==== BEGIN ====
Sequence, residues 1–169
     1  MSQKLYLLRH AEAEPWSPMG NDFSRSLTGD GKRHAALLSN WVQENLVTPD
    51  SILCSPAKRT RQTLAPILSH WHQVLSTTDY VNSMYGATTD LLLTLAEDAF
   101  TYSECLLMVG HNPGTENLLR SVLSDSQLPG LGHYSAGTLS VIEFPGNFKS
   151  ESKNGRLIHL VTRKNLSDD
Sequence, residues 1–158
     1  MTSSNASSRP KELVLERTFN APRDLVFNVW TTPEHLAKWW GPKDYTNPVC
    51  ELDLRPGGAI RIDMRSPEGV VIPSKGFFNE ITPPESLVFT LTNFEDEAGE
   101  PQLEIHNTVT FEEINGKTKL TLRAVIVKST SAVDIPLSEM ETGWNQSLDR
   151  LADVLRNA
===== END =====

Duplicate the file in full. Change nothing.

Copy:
Sequence, residues 1–169
     1  MSQKLYLLRH AEAEPWSPMG NDFSRSLTGD GKRHAALLSN WVQENLVTPD
    51  SILCSPAKRT RQTLAPILSH WHQVLSTTDY VNSMYGATTD LLLTLAEDAF
   101  TYSECLLMVG HNPGTENLLR SVLSDSQLPG LGHYSAGTLS VIEFPGNFKS
   151  ESKNGRLIHL VTRKNLSDD
Sequence, residues 1–158
     1  MTSSNASSRP KELVLERTFN APRDLVFNVW TTPEHLAKWW GPKDYTNPVC
    51  ELDLRPGGAI RIDMRSPEGV VIPSKGFFNE ITPPESLVFT LTNFEDEAGE
   101  PQLEIHNTVT FEEINGKTKL TLRAVIVKST SAVDIPLSEM ETGWNQSLDR
   151  LADVLRNA